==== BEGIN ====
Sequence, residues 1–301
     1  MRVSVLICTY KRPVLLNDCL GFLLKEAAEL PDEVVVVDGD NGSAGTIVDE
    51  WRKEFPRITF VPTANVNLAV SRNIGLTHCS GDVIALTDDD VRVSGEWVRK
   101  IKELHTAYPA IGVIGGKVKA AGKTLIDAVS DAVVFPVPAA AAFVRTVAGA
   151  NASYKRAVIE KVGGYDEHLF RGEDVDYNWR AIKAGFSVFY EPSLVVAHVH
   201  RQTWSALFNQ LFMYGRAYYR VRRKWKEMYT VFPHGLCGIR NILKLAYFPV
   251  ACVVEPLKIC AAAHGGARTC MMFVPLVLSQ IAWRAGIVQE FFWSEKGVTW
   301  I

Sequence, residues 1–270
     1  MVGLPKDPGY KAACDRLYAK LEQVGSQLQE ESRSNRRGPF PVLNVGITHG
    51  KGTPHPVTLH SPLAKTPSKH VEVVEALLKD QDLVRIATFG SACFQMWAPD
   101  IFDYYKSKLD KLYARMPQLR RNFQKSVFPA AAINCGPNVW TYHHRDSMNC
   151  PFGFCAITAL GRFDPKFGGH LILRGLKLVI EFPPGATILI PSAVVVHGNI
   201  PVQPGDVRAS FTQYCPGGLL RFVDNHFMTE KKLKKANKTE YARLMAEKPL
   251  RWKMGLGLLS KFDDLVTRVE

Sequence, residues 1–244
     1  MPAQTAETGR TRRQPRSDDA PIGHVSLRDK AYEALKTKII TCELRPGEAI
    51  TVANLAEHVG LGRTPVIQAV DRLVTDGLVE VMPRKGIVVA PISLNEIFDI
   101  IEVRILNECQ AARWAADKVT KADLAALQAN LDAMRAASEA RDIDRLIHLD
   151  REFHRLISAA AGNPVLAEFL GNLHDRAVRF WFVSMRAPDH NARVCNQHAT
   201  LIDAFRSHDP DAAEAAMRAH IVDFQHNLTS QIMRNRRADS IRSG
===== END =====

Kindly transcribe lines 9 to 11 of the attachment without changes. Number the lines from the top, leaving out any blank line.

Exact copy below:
Sequence, residues 1–270
     1  MVGLPKDPGY KAACDRLYAK LEQVGSQLQE ESRSNRRGPF PVLNVGITHG
    51  KGTPHPVTLH SPLAKTPSKH VEVVEALLKD QDLVRIATFG SACFQMWAPD